Sparta Report

Social Media is the Greatest Scam Ever Inflicted on Business

I’m beginning to think that social media is the greatest scam ever inflicted on business — with the possible exceptions of Six Sigma and ISO 9000.

I was talking to a potential client last week who rents, repairs, and does preventative maintenance on medical equipment to hospitals. He wants to use social media to “create a community” to “drive sales.” The thing of it is that they know exactly who to target in hospitals. There are only about 6,000 hospitals so there’s their market. And yet, rather than systematically target each one with their value proposition, he wants to use social media. I honestly don’t get it. There just seems to be this siren’s song of “if you just do a bunch of stuff on social media sites, they will come and it won’t cost me much of anything.” As opposed to fixing their website, creating a newsletter, creating a compelling trade show presence, and developing a sales funnel which are all hard!

For some businesses, it makes all the sense in the world but it has to do with creating, maintaining, and adding value to communities. “Value” is the operative word. I’m not at all interested in following any business on any social media platform unless they add value to my life. The simplest way to add value, of course, is through coupons and so forth. For some business such as Apple, just being more “in the know” is value enough.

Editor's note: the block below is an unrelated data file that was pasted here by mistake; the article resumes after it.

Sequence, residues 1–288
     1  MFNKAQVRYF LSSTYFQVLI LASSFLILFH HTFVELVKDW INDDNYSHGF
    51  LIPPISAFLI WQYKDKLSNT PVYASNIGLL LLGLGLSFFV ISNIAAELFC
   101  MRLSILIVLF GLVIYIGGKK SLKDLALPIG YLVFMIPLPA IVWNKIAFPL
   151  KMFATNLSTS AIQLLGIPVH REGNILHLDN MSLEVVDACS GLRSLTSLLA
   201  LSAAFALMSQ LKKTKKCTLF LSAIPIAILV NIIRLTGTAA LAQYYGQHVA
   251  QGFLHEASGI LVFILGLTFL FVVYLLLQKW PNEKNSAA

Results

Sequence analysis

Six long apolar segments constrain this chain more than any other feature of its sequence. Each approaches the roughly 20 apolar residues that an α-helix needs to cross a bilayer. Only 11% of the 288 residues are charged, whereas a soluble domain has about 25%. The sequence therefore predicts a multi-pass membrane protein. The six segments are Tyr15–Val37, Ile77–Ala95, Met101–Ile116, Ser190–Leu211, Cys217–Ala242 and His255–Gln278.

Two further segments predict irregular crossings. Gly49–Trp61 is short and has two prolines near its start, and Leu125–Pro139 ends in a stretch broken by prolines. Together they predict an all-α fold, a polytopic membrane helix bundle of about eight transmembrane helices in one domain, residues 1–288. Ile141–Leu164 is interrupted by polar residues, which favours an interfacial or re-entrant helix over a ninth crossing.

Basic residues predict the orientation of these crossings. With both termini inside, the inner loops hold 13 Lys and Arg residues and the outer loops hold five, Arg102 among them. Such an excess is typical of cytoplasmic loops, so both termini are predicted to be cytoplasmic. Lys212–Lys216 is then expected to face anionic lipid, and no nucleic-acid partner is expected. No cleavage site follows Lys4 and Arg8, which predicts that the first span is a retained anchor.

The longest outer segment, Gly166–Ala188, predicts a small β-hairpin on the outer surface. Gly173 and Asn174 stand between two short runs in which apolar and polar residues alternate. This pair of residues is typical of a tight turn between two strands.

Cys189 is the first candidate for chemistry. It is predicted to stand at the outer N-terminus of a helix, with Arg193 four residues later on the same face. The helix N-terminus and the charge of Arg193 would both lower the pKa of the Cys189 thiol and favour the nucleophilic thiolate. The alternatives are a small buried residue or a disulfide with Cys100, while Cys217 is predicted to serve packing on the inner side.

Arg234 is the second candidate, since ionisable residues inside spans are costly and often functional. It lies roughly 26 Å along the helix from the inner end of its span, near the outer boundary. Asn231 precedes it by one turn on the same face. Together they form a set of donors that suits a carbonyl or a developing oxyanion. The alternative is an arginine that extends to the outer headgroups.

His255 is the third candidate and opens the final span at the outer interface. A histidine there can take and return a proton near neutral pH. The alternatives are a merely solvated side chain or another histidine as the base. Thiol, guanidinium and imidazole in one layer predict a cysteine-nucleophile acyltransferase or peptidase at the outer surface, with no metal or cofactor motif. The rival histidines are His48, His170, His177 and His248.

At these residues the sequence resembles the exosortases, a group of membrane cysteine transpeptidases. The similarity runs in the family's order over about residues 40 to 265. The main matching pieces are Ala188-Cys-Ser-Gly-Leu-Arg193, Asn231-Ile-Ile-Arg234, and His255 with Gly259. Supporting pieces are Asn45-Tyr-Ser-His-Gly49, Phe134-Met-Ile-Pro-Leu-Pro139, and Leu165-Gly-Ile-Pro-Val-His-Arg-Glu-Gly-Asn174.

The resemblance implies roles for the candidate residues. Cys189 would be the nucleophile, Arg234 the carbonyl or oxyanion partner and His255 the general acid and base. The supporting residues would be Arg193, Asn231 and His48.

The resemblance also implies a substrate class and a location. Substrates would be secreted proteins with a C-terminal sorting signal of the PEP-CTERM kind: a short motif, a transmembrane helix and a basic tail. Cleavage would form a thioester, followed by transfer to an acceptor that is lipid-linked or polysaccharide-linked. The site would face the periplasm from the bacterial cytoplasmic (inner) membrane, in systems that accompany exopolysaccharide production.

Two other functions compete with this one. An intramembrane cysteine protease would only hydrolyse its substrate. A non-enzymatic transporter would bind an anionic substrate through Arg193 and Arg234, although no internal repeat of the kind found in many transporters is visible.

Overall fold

People talk a lot about “engagement” as the raison d’etre for social media. This has caused, in my view, some very odd behaviors. Here’s an example —

RSBN is having trouble with YouTube. They are sending a number of tweets such as this one.

I asked RSBN what they’d like us to do about it?

There’s a whole lot wrong with this thinking.

  1. There’s a lot of “the definition of insanity is doing the same thing over and over again and expecting a different result” going on here.
  2. By now, some low level dweeb is the one who’s replying because YouTube has “got it” and this is either a problem they’re going to fix or not.
  3. In my view, this is not how you solve problems between companies. YouTube is either in violation of their agreement or they’re not. If they are, someone needs to get on an airplane and have what we used to call “a meeting.” If it’s egregious enough, then get a lawyer.

I also don’t want to be “engaged” with RSBN regarding their technical problems or their issues with their suppliers. I have plenty of my own problems, thank you very much.

I also find it interesting how many companies have blogs that haven’t been updated in years, tweets that go out sporadically just because someone said they should tweet, tweets that are copied to Facebook where no one from the company ever monitors any comments, and expensively produced YouTube videos with only a few views.

Social media is today’s “when all you have is a hammer, everything looks like a nail.” Social media is not the real world and in the real world solving problems is often messy and hard requiring direct action. Sometimes social pressure can accomplish things but sometimes you just have to go and do the work!

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